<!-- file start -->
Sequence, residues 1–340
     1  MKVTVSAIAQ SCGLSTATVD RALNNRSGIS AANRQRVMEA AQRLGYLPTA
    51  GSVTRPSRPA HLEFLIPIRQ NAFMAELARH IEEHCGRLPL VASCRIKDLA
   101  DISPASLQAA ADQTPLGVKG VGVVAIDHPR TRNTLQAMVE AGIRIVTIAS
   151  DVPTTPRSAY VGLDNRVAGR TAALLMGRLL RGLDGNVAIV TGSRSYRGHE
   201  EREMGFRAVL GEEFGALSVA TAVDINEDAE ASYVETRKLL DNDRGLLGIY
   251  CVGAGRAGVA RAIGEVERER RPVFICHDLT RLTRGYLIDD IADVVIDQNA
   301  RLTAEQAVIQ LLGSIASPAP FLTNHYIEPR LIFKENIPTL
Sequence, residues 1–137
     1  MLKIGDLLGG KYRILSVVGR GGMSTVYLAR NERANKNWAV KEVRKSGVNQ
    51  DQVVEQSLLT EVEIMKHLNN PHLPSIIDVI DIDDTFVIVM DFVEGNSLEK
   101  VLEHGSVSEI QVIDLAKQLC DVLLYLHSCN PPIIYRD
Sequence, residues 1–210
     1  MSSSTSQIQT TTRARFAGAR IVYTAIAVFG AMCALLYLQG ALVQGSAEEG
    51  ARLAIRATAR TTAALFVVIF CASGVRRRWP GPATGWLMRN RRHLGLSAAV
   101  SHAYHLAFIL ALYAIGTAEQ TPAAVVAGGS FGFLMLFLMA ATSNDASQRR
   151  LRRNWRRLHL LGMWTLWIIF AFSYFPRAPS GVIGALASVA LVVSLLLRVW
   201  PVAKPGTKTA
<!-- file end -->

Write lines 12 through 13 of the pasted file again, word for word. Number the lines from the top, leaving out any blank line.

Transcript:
   101  VLEHGSVSEI QVIDLAKQLC DVLLYLHSCN PPIIYRD
Sequence, residues 1–210